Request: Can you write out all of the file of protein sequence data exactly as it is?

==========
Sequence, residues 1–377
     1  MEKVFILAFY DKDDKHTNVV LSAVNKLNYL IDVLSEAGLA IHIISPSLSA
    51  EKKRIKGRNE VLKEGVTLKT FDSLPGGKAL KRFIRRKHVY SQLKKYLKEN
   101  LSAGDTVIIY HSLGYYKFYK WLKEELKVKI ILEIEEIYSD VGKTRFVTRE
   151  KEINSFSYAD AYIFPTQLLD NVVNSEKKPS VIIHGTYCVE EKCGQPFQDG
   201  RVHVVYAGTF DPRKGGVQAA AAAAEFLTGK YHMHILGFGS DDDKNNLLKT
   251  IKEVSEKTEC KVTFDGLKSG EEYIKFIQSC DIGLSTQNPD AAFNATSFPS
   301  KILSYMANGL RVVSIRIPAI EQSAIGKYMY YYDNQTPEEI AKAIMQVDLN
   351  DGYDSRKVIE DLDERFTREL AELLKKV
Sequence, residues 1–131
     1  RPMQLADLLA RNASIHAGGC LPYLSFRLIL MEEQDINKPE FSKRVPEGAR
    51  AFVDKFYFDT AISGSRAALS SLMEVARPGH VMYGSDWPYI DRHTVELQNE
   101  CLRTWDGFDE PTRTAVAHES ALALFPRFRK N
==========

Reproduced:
Sequence, residues 1–377
     1  MEKVFILAFY DKDDKHTNVV LSAVNKLNYL IDVLSEAGLA IHIISPSLSA
    51  EKKRIKGRNE VLKEGVTLKT FDSLPGGKAL KRFIRRKHVY SQLKKYLKEN
   101  LSAGDTVIIY HSLGYYKFYK WLKEELKVKI ILEIEEIYSD VGKTRFVTRE
   151  KEINSFSYAD AYIFPTQLLD NVVNSEKKPS VIIHGTYCVE EKCGQPFQDG
   201  RVHVVYAGTF DPRKGGVQAA AAAAEFLTGK YHMHILGFGS DDDKNNLLKT
   251  IKEVSEKTEC KVTFDGLKSG EEYIKFIQSC DIGLSTQNPD AAFNATSFPS
   301  KILSYMANGL RVVSIRIPAI EQSAIGKYMY YYDNQTPEEI AKAIMQVDLN
   351  DGYDSRKVIE DLDERFTREL AELLKKV
Sequence, residues 1–131
     1  RPMQLADLLA RNASIHAGGC LPYLSFRLIL MEEQDINKPE FSKRVPEGAR
    51  AFVDKFYFDT AISGSRAALS SLMEVARPGH VMYGSDWPYI DRHTVELQNE
   101  CLRTWDGFDE PTRTAVAHES ALALFPRFRK N